Greenpeace submerges icons of world famous structures: Eiffel Tower, Big Ben, Taj Mahal, Statue of Liberty, Angel of Independence, the Christ, Great Pyramid of Giza, Temple of Heaven, and the Sydney Opera House in the sea.
At this year's climate summit governments have a choice. They can decide between a safe future or continue with business as usual and allow climate change to continue to threaten many aspects of life as we know it. After the failure in Copenhagen last year, we know the chances of getting out of Cancun with a global deal that encompasses everything we need are very small. What countries can do here in Cancun is decide on some critical issues that will pave the way for an Energy [R]evolution.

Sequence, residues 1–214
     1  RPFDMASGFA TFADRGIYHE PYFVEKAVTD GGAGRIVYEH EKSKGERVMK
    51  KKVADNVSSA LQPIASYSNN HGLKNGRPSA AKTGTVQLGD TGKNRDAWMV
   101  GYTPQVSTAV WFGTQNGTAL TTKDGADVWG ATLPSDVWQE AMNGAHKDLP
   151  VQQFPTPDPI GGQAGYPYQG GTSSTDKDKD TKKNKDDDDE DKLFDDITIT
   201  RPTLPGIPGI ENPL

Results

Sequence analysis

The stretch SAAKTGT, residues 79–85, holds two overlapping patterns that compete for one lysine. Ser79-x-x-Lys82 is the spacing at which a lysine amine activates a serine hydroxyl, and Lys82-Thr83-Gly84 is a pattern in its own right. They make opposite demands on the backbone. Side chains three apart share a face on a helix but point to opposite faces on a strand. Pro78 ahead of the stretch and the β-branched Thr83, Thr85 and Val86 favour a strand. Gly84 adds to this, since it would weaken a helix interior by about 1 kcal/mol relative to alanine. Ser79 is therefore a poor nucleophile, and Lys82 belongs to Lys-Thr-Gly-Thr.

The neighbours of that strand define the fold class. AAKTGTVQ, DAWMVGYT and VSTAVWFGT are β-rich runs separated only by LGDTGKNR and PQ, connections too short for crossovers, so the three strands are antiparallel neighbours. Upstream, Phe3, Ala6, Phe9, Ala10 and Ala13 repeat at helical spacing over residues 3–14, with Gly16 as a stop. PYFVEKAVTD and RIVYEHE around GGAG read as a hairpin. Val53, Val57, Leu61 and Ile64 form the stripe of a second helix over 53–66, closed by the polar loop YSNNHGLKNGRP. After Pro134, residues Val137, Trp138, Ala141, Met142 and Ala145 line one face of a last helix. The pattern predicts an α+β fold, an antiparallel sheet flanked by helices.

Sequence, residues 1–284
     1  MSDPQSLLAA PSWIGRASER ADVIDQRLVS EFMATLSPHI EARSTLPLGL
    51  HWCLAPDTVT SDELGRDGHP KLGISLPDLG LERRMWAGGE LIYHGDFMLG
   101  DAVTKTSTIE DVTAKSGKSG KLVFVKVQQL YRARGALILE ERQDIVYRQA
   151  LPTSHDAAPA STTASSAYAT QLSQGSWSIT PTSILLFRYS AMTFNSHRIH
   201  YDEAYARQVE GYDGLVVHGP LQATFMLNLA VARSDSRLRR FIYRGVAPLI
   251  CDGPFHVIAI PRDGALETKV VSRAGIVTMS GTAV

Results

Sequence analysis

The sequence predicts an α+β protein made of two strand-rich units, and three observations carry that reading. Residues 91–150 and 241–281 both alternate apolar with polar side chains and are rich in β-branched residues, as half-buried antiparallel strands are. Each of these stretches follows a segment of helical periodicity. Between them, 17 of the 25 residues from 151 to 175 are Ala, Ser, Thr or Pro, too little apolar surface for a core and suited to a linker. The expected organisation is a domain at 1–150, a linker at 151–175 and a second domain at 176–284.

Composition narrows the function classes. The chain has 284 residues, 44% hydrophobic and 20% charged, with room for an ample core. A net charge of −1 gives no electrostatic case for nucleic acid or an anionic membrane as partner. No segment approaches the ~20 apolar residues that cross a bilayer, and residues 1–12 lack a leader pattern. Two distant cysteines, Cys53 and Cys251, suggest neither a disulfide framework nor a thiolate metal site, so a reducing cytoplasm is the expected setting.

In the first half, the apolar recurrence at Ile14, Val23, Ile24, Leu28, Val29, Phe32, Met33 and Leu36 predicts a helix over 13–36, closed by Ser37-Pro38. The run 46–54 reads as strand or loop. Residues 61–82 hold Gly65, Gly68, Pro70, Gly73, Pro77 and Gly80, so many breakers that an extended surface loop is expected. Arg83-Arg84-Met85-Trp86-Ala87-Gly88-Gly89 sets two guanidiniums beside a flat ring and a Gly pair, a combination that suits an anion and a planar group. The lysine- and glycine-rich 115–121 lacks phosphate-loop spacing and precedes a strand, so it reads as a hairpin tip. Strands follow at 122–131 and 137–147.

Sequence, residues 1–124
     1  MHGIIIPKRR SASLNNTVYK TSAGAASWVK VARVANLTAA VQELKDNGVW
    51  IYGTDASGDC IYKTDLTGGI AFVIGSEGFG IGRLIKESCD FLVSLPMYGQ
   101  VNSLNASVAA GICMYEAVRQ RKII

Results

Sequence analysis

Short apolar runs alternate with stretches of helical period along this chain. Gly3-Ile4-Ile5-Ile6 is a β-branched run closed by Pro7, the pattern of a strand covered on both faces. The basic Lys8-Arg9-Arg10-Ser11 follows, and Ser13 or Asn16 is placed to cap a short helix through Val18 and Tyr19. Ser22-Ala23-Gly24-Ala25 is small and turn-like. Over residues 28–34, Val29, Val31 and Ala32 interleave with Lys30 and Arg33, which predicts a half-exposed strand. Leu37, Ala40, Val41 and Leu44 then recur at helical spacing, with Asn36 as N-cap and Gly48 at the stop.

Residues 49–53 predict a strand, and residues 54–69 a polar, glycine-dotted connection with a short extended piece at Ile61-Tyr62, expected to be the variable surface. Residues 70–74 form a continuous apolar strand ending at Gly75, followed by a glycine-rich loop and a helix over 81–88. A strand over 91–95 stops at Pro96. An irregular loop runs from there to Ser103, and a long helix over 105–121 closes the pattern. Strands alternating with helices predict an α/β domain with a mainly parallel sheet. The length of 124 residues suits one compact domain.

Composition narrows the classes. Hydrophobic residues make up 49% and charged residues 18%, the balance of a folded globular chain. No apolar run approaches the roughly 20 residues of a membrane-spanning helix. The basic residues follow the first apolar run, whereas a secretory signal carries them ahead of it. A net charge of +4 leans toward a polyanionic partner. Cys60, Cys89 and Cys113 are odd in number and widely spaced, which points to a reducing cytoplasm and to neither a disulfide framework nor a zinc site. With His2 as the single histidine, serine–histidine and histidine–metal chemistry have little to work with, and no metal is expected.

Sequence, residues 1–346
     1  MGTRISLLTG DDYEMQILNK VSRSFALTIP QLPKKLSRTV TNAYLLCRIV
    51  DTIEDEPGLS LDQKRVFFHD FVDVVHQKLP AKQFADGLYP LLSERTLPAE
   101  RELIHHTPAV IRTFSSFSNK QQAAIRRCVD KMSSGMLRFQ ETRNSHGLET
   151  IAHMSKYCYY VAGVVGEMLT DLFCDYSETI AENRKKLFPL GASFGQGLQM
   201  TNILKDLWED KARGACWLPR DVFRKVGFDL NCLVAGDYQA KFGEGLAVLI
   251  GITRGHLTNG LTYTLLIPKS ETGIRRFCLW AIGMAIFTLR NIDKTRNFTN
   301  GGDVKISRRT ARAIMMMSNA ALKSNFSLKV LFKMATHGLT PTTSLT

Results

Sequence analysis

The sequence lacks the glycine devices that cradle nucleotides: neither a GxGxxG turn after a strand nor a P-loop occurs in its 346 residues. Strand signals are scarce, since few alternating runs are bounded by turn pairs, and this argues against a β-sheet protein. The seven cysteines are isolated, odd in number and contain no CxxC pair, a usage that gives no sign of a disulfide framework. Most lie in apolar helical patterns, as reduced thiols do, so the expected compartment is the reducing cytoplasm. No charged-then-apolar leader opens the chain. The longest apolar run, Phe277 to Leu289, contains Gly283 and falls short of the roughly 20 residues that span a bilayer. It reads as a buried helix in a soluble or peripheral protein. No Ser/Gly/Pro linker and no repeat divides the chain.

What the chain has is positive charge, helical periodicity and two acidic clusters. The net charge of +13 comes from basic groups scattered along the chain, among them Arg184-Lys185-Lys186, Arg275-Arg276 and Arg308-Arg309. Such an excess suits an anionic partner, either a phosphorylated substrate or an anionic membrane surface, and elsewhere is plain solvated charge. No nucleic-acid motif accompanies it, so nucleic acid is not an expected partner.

Right now, a clean and safe future is a choice we can still make. An international climate change agreement would catalyze and help pay for a world with clean, secure and independent means of energy guaranteed for generations to come. It could keep forests standing and forest peoples thriving, as well as protecting many species and helping to stop catastrophic climate change.
It would also mean that governments are saying no to coal, going beyond oil and supporting an Energy [R]evolution.
If they can do these things in Cancun, we can start to believe that governments have woken up to the stark choice facing the planet and are stepping out on the right path. Cancun must be where it starts.
Five Greenpeace Belgium activists hold hand banners reading: "Gazprom: Don't Destroy The Arctic', during the Brussels European Autumn Gas Conference. Greenpeace demands that Gazprom cease their high-risk oil exploration in the Arctic. The...
Greenpeace activists set up a mock fracking rig at the entrance to Lancashire County Hall in Preston, Lancashire. The rig is surrounded by 8 foot high fence with the company logos of Cuadrilla and Frack&Go.
A loud soundtrack of drills, trucks...
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